Prioritizing your mental health and taking opportunities to refresh in nature are key to maintaining your spark as a creative.
We have spent an abnormal amount of time confined to our homes over the last year. It is clear the pandemic has not only wreaked havoc on our mental health but our relationships, our wallets, and our creativity. On top of that, most of us eagerly await a return to normalcy.Read Full Story
In a study of 3,200 faux applications, men were less likely to proceed to later rounds of hiring in occupations such as nursing and preschool teaching.
Does gender discrimination in hiring cut both ways? A new study in Plos One indicates yes.Read Full Story
On the heels of its first-ever inclusion report for its workplace, Netflix is keeping that same energy by looking at how inclusive its content really is.
Last month, Netflix released its first-ever inclusion report detailing where the company stands with having a diverse and equitable workplace. Now Netflix is keeping that same energy in analyzing its original TV shows and films.Read Full Story
Vaccine registration websites weren’t designed for the people who need them most. Here are easy fixes that don’t require starting over.
Across the U.S., online registrations for the COVID-19 vaccine are failing to consider some of the most vulnerable groups of people: seniors, those with disabilities, and certain racial and socioeconomic groups.Read Full Story
Sometimes the best way to tackle an ambitious project is to throw away the original blueprint, a CEO writes.
What’s the best way to approach a big, transformational project—the corporate equivalent of a moonshot? Do you plan every detail in advance, plotting each point from A to B?Read Full Story
Are believers and nonbelievers really so different?
Atheists, it turns out, are a rather morally driven bunch. This is news to many, including Tomas Ståhl, an assistant professor of psychology at the University of Illinois at Chicago, who this week published a fascinating study in Plos One comparing the deepest beliefs of theists and atheists.Read Full Story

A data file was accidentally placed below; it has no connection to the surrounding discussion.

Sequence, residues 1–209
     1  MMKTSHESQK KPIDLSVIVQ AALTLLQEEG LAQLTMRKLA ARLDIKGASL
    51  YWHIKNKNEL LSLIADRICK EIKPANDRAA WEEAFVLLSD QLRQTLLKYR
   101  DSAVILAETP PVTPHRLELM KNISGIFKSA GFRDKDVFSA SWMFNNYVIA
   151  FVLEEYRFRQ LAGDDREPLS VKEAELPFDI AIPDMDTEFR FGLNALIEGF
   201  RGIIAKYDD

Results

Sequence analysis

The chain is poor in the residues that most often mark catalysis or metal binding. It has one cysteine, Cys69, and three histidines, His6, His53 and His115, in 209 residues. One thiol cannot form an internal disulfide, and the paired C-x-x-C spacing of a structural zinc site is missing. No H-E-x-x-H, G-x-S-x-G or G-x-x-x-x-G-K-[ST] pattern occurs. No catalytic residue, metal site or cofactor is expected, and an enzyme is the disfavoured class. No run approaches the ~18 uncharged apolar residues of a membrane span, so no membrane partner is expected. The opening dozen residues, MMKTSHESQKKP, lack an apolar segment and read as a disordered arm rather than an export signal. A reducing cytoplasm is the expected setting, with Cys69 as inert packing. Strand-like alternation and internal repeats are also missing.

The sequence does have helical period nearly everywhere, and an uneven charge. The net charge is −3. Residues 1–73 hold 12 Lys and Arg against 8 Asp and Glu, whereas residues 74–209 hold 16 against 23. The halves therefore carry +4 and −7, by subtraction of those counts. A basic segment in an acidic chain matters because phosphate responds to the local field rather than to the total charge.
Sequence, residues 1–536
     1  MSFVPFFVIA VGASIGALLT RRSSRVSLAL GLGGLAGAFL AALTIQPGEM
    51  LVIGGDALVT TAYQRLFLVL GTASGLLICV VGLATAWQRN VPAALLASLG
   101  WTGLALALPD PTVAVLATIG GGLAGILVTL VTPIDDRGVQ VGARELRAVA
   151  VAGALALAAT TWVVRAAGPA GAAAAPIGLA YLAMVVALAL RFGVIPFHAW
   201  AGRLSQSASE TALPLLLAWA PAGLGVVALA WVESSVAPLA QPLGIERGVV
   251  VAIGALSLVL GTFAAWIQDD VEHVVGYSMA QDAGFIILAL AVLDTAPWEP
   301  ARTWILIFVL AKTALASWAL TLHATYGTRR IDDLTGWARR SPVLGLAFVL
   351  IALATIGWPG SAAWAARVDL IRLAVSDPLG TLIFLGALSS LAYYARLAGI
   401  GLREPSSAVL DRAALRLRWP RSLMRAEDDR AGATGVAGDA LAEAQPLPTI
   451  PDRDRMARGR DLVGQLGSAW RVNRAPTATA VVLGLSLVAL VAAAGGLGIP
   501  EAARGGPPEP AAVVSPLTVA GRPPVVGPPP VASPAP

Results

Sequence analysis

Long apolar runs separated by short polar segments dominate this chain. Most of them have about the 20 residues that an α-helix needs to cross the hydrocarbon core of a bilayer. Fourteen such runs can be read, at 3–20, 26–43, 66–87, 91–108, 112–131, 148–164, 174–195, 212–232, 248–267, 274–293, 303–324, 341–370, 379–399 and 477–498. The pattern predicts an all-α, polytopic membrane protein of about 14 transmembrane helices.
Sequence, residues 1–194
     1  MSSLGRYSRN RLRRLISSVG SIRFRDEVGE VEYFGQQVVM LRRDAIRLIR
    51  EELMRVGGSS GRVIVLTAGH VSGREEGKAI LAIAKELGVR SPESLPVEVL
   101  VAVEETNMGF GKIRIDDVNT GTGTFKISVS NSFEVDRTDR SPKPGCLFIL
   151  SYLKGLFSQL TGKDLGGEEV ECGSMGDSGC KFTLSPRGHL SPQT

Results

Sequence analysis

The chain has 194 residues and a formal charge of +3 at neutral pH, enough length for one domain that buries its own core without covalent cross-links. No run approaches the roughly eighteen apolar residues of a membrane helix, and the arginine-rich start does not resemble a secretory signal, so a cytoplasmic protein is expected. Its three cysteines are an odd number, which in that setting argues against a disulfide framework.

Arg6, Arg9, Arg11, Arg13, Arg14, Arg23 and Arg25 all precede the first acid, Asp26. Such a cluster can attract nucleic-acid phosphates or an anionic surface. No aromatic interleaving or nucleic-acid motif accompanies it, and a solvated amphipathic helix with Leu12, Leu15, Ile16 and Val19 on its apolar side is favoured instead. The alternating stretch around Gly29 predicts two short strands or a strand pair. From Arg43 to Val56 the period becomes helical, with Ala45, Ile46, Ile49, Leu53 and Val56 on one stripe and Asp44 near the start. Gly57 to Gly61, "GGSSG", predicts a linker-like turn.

Data mapping could help states target relief money where it’s needed most.
Like the coronavirus hot spots that have been pocking and bruising maps over the past months, the economic impact of the pandemic is far from uniform. Some places, and some specific communities, have been hit much harder than others, with job losses pushing many families to the edge of eviction, foreclosure, or financial ruin. The fact that this is happening is well-known. Where it’s happening, though, is not.Read Full Story
If you worked out of state because of the pandemic, you could be hit with double taxation and other complexities, says this EY tax expert.
As we pass a full year since the pandemic’s arrival in the US, remote working has become a mainstay for corporate employees. A Gallup poll in April 2020 indicated that 51% of employees were entirely remote—a number that’s held relatively steady since. It’s now business as usual for our coworkers to be a few states away rather than just down the hall. Read Full Story
By eliminating choice and chance, AI could make life comfortable—and utterly predictable.
The history of humans’ use of technology has always been a history of coevolution. Philosophers from Rousseau to Heidegger to Carl Schmitt have argued that technology is never a neutral tool for achieving human ends. Technological innovations—from the most rudimentary to the most sophisticated—reshape people as they use these innovations to control their environment. Artificial intelligence is a new and powerful tool, and it, too, is altering humanity.Read Full Story
Retaining remote workers requires intention, and a bit of extra effort, but it can pay off in significant ways.
Even though the number of remote workers had been rising for years, COVID-19 forced an unprecedented number of employees to give working from home a try. For some, this was a welcome change, but for others it required a difficult mental and emotional adjustment.Read Full Story